Keats’ early life as a medical student is dramatised against Europe’s oldest surviving operating theatre
As atmospheric venues go, the Old Operating Theatre in London Bridge is hard to beat. Creaking with history, the tiny amphitheatre was used, until its closure in the mid-1800s, by St Thomas’ Hospital to demonstrate surgery – usually amputations on the poor – to medical students who packed the narrow rows that look down on the bloody show.
One of the students who passed through the garret theatre was young nightingale fan John Keats. The poet lived over the road with his friend and fellow medical student Henry Stephens, who would also ditch the amputations and go on to make a fortune in ink.
Doe-eyed Keats realised early on in his medical training that he was more cut out for stanzas than surgery and this production of Rebel Angel examines his journey from reluctant student to his (very) early Endymion days. The play doesn’t follow a chronological order, so we oscillate between Keats’ childhood as an obedient, enthusiastic child attempting to soothe his mother, whose violent coughing signposts both her own demise and her son’s early death, and his days as a student. We leave John at the end waiting for his coach on the first leg of his travels to Rome where he would go on to write the poems that would see his name mentioned in the same breathe as his heroes, Byron and Shelley.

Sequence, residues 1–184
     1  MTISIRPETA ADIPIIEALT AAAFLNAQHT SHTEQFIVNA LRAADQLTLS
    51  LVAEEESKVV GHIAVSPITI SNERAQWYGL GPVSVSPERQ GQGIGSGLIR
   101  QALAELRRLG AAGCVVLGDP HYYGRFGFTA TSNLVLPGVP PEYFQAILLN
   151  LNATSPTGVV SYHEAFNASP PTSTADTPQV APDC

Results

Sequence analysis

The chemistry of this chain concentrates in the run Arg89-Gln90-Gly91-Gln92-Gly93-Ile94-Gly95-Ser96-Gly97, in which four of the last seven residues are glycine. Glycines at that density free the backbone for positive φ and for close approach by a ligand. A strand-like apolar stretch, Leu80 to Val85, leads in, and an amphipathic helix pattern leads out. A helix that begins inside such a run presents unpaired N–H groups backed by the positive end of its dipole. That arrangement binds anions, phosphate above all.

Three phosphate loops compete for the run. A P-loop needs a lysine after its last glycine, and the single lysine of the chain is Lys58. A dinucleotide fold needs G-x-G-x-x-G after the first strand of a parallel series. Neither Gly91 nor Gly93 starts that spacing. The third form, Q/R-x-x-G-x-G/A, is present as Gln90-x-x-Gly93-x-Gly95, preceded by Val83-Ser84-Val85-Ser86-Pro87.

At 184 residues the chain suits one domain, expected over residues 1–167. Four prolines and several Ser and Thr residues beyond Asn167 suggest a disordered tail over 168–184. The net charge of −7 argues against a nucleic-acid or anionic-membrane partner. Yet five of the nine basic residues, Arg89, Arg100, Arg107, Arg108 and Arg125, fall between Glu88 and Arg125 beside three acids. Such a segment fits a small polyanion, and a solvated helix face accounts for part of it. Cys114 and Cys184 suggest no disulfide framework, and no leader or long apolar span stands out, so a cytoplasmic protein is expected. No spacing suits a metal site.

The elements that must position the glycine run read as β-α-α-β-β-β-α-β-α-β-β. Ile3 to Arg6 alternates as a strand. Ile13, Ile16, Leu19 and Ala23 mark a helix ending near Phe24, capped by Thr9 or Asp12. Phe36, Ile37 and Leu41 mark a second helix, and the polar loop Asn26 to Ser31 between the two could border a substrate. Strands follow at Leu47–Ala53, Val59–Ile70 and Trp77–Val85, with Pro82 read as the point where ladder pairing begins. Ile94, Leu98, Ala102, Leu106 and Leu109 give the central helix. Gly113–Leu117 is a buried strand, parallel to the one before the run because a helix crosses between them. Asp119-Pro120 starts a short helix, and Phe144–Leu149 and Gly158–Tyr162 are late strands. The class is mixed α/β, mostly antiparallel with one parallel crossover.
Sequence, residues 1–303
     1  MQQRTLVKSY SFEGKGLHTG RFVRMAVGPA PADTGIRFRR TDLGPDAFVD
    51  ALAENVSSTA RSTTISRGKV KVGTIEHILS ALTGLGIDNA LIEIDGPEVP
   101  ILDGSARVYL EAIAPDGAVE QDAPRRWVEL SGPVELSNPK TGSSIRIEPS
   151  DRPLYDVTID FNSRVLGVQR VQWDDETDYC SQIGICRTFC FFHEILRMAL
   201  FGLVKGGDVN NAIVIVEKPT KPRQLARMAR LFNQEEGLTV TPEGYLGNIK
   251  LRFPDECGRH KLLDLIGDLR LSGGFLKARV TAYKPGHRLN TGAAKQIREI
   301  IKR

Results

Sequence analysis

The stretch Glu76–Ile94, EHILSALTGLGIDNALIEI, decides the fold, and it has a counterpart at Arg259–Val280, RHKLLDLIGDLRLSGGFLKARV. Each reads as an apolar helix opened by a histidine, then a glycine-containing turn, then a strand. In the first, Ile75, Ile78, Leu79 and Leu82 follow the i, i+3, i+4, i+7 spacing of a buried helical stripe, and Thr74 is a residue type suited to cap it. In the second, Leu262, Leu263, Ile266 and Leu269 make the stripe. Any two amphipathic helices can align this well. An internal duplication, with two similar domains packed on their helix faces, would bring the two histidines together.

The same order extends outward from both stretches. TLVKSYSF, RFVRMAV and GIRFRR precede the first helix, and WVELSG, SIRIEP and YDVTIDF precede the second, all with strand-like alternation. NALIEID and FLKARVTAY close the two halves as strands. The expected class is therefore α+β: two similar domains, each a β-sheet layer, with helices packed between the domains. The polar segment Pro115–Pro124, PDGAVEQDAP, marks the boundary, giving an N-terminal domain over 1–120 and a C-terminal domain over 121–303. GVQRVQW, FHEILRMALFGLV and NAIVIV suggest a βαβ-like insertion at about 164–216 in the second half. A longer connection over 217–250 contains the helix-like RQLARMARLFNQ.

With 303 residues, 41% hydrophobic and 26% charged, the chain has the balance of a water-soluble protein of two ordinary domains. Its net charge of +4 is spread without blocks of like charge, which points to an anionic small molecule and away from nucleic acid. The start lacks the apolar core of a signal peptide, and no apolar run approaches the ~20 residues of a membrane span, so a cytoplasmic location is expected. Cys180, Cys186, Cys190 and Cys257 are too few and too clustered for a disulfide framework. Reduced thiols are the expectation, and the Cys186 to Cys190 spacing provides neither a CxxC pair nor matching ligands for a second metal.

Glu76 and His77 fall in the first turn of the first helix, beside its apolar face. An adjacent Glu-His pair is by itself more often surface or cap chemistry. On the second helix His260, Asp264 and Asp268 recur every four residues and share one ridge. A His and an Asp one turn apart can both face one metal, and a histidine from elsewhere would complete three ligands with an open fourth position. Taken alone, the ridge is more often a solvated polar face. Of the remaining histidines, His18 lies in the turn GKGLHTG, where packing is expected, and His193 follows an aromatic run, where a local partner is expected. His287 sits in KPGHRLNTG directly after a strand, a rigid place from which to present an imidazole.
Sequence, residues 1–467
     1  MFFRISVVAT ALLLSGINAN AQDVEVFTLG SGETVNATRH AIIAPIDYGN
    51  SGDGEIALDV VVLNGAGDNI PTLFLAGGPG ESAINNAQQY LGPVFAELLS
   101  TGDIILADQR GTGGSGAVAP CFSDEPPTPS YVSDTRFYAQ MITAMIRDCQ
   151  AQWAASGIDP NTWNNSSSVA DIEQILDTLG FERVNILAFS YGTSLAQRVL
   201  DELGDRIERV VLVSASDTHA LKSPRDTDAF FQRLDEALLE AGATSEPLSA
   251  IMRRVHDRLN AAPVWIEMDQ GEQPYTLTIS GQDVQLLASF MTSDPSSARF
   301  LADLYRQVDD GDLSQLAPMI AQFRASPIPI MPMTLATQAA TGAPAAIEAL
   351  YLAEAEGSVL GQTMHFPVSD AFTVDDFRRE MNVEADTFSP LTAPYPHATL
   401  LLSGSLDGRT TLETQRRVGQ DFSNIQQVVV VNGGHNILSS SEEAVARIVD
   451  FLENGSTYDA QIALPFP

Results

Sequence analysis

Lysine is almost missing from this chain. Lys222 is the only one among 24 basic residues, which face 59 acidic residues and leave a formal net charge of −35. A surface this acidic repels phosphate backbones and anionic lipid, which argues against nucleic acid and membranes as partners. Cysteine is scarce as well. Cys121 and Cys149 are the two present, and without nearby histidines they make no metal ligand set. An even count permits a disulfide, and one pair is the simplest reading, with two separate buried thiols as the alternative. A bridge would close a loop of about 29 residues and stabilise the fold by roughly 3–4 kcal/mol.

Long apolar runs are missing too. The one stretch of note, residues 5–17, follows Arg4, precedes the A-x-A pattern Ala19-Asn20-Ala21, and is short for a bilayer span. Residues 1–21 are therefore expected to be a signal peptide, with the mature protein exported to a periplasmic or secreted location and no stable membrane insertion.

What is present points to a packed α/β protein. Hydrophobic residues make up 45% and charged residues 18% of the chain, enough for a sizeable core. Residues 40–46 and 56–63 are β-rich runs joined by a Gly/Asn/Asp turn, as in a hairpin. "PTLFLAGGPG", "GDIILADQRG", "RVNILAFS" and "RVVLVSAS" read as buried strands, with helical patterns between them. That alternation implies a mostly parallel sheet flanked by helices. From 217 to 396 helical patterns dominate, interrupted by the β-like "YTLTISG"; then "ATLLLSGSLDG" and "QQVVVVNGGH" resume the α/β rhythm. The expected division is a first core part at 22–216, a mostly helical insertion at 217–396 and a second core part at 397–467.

Thankfully Rebel Angel is far less bloody than the shows the audience witnessed in Victorian times, although this production is every bit as fascinating and enthralling as those demos would no doubt have been to the young men of the time (except Keats’ queasy friend Tyrrell who wisely opts for the pub over another botched surgery experiment).
Keats, played with considered intensity by Jonny P Taylor, sacrificed much for his poetry and posthumous fame. He fought with his guardian, Mr Abbey, who had been left as the boy’s charge when his mother died when Keats was 14. In this production Mr Abbey (Peter Broad) represents the old school, a man who has little time for fancy words and dandy ways and Keats isn’t afraid to leave him behind in hope of poetry glory.
Taylor’s Keats is far from the waif like figure he is often portrayed as – all flouncy blouses and pining for Fanny Brawne – he is determined and single-minded. He’s not afraid to stand up to boorish surgeon Bill Lucas (also played with great pomposity by Peter Broad) after a slip of the knife ends another young patient’s life. And young John doesn’t so much woo young ladies with fine words as experiment with their hearts – his poetry his surgeon’s knife.
The small cast play several characters adeptly and director and writer Angus Graham-Campbell makes fine use of the confined and stripped back setting. As any student of English Literature knows, having a framework can enable a poem to pack an even greater emotional punch.